Jamaica Plain resident Chuck Collins, who is a senior scholar at the Institute for Policy Studies in Washington, D.C. and co-founder of inequality.org and the JP Forum, has penned a new book, “Born on Third Base.” The Gazette recently conducted a question-and-answer session through email with Collins about the book. For more information about the book, visit bit.ly/2gZdxWn. (The session has been edited.)
What was your motivation for writing “Born on Third Base?”
I’ve been working on issues of inequality for 30 years–but I came to appreciate that people have powerful stories that justify inequality, what I call the “myth of deservedness.” “Born on Third Base” is really about privilege and social inequality—and inspiring examples of people who are leveraging their advantage to build a more equitable society.
What was the writing process for you like?
Pretty fun. I fit it in around my day job, with some early mornings. With all the internet and social media distractions, it’s challenging to concentrate. Sometimes I have to hide out at JP Licks and Ula Café to just focus.
Who is the intended audience for your book?
I’m writing for a wide audience of people who care about inequality and the state of the world. Part of my message is to those who have economic advantages, people in the top 5 percent of income and wealth holders. I encourage them to “come home,” bring their full stake in a place, bring their wealth back to local communities, and fix the future.
To a wider audience, my message is organize to protect our communities, but not forget there are potential allies among the wealthy for these social movements.
You had a premier book launch in Jamaica Plain in October. How was that received by your audience? Did anyone ask you any challenging questions? How about in events in other cities around the US? What critiques have you heard about this work?
The JP event was fabulous with over 140 people coming by. The biggest concern I heard was people feeling that the wealthy are a breed apart, that they don’t care and are the root of our evils. I understand this anger and despair. But part of my message in “Born on Third Base” is there are allies among the wealthy. The wealthy are not monolithic and many people are waiting to be engaged in something more meaningful to address our social problems. I do understand why people feel skeptical of this. That’s why I want them to hear stories of 1 percenters stepping up.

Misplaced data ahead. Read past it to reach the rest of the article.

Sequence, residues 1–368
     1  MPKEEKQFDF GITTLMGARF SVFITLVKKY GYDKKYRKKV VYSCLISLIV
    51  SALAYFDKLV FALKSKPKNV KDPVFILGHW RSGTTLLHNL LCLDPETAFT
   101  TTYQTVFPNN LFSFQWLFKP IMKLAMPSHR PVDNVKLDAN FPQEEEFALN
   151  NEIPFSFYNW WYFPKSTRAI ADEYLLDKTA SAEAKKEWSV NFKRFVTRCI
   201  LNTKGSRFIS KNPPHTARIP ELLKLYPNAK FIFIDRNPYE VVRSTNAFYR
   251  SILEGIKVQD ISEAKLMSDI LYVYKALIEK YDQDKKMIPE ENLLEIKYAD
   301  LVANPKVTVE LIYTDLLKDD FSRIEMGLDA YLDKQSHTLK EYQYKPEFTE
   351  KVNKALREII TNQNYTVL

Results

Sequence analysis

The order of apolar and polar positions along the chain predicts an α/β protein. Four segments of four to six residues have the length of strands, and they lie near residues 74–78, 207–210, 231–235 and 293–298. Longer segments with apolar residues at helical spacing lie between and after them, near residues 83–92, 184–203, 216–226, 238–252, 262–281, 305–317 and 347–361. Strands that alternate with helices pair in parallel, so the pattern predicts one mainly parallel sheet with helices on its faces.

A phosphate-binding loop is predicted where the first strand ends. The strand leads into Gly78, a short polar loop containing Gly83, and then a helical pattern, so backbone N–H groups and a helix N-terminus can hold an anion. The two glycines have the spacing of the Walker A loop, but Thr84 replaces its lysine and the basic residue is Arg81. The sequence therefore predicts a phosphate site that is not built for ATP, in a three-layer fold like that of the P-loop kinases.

You were “born to the one percent,” but “gave up your inherited wealth for a life of fighting the vicious inequality that is destroying our country.” Can you elaborate more on this part of your background and how this might show in your book?
I grew up in the 1 percent in the affluent Detroit suburb of Bloomfield Hills. While this is not a memoir, I describe my own experience growing up in an affluent family—and why I chose to give the wealth away to groups like the Haymarket People’s Fund, which is based in JP. I also try to demystify the many ways that racial and economic advantage work in our society through stories from my own life and others.
JP is really a character in this book. There are many stories of people in JP and organizations such as the Jamaica Plain New Economy Transition and the Curtis Hall Community Center. My church, First Church JP Unitarian Universalist at the Monument, piloted the first “resilience circles” in the U.S.
How did Morris Pearl come to write the foreword?
I’ve gotten to know Morris in the last couple years. He was the managing director at Blackrock, the biggest investment firm in the country. And he is the chairman of the Patriotic Millionaires, a network of high network people speaking out for fair taxes, higher wages, and campaign finance reform. I thought he would be the perfect person to write the foreword.
Can you explain why you chose your title?
Texas Governor Ann Richards once said about George W. Bush: “He was born on third base, but thinks he hit a triple.” We have lots of “born on third base” presidents, including the President-elect. I was “born on third base,” but know I didn’t get there on my own.